It is a commonplace that Dr. Martin Luther King, Jr. was a spellbinding orator, and it is evident that he honed these skills in the pulpit, in his capacity as a Baptist minister. Until now, however, there has been no full-scale study of King as a preacher. This long-awaited study, drawing on tape-recordings and transcriptions of unpublished sermons, and interviews with King's parishioners and colleagues, promises to remedy that lack. Preaching to congregations was never something King had "on the side," or dabbled in when he wasn't busy being a "civil rights activist," Lischer shows. Not only was preaching integral to King's identity, but the material of his Sunday morning sermons found its way into his mass-meeting speeches and civil addresses. When King spoke in civil settings, he transposed the Judeo-Christian themes of love, suffering, deliverance, and reconciliation from the shelter of the pulpit into the arena of public policy and behaviour. King's religiously informed rhetoric, argues Lischer, helped create a fragile and temporary consensus among white and black Americans and contributed to legislation that has changed the fabric of daily life in this country.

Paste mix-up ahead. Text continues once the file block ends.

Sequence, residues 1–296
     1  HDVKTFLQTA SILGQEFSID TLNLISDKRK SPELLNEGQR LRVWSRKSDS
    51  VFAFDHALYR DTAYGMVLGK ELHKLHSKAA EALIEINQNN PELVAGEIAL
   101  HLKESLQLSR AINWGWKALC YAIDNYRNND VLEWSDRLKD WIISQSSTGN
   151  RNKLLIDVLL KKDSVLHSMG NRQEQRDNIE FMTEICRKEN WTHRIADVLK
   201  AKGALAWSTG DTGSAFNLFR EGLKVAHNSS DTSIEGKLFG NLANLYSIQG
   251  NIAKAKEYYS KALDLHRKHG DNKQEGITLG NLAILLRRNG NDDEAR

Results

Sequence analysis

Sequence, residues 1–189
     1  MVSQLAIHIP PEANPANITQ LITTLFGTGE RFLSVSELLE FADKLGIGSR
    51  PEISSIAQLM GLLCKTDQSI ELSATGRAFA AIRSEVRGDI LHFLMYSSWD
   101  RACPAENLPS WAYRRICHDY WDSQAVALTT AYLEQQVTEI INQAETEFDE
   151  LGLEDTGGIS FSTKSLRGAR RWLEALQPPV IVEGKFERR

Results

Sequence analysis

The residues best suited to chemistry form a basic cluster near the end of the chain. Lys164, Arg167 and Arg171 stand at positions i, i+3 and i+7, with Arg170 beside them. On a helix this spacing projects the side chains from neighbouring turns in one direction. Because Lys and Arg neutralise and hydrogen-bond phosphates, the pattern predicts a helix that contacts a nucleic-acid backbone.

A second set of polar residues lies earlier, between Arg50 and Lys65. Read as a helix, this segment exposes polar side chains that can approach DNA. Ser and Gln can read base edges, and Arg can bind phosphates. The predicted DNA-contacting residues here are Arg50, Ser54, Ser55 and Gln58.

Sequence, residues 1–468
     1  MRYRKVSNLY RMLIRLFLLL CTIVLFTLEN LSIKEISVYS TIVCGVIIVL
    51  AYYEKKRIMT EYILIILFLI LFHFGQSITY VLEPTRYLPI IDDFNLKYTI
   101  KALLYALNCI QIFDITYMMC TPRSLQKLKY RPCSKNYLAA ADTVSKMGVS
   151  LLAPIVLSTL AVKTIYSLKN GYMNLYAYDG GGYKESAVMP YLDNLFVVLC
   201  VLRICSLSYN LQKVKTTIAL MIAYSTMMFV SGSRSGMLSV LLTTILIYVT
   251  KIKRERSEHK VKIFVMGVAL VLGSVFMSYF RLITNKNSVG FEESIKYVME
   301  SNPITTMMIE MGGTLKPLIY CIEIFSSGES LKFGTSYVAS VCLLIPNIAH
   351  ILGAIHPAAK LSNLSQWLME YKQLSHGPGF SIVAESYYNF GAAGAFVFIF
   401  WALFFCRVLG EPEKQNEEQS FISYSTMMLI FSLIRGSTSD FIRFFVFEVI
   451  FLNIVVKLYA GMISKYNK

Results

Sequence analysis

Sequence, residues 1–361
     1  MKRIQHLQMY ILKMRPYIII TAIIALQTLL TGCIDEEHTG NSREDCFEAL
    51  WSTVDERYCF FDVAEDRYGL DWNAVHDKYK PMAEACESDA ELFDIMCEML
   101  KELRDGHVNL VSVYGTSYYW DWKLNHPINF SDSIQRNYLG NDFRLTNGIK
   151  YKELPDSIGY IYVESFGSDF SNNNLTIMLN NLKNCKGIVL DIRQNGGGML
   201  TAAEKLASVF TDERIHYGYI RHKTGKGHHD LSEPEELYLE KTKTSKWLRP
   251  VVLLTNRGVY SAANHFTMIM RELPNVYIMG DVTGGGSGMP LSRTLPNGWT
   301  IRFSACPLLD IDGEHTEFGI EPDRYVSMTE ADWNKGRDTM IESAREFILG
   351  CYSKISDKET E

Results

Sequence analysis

King's Sunday morning sermons were far from identical with his civil addresses, however, and, in Lischer's view, the more intimate, unpublished "private" sermons necessarily tell us far more about what King "really" believed about his God and the ills of the nation - from issues of personal morality to the massive problems of racism and war. The Preacher King thus opens a new window on the heart and mind of one of the great figures of 20th-century American history, and on the well-spring of his greatness.